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The Gold Rush
with thanks to Karl Gurcke historian for
The National Park Service ( NPS ) Skagway, Alaska

GOLD was found in a tributary of the Klondike River in the Yukon in 1897 and for a very brief period the area was flooded with hopeful goldseekers - stampeders. 

With cries of "Gold! Gold! in the Klondike!" there unfolded in the Yukon and Alaska a brief but fascinating adventure, which has captured the imagination of people around the world ever since.  Beginning in 1897, an army of hopeful goldseekers, unaware that most of the good Klondike claims were already staked, headed north toward the vision of riches to be had for the taking.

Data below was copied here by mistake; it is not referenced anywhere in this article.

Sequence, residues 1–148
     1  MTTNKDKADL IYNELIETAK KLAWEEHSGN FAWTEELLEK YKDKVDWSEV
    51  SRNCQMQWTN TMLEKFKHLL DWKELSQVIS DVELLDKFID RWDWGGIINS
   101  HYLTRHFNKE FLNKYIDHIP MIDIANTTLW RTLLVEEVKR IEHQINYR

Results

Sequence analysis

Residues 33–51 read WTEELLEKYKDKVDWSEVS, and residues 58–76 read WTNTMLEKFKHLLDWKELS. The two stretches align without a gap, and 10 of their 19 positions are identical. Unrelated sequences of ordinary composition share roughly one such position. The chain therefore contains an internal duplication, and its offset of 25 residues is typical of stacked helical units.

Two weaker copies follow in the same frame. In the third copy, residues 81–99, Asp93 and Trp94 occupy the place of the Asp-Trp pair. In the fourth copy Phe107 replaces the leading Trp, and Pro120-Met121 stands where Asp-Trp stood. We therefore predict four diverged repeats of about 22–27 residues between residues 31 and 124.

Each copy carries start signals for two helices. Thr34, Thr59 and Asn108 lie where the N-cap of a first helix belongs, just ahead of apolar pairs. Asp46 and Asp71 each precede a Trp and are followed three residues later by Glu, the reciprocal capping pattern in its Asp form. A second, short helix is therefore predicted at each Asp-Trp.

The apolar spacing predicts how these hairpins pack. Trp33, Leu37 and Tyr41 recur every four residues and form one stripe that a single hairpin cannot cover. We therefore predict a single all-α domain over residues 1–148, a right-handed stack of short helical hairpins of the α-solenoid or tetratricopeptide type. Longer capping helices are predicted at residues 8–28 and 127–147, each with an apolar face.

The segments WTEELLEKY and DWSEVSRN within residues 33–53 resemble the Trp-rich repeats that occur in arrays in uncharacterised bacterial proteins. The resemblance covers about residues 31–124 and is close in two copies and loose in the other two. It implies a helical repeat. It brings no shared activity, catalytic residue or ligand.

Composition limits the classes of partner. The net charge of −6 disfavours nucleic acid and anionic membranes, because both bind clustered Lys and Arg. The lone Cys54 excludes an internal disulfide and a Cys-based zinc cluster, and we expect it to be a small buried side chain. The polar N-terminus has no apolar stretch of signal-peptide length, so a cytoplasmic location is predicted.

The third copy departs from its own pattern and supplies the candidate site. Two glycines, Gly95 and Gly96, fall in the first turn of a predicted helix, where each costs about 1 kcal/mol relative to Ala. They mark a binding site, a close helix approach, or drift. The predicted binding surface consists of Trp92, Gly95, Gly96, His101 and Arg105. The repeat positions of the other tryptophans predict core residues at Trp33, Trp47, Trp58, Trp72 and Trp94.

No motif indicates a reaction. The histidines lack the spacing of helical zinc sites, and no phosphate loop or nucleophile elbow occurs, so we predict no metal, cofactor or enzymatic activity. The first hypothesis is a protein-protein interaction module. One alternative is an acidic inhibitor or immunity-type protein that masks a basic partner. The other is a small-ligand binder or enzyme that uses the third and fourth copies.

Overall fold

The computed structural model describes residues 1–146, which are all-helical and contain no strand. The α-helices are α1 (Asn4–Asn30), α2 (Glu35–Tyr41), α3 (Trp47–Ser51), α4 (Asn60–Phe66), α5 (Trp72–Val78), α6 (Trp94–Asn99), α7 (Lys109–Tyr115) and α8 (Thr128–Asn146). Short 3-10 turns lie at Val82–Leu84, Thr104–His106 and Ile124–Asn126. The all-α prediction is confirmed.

All through the summer and on into the winter of 1897-98, stampeders poured into the newly created Alaskan tent and shack towns of Skagway and Dyea - the jumping off points for the 600-mile trek to the goldfields.

Skagway, at the head of the White Pass Trail, was founded by a former steamboat captain named William Moore. His small homestead was inundated with some 10,000 transient residents struggling to get their required year's worth of gear and supplies over the Coast Range and down the Yukon River headwaters at lakes Lindeman and Bennett. Dyea, three miles away at the head of Taiya Inlet, experienced the same frantic boomtown activity as goldseekers poured ashore and picked their way up the Chilkoot Trail into Canada.

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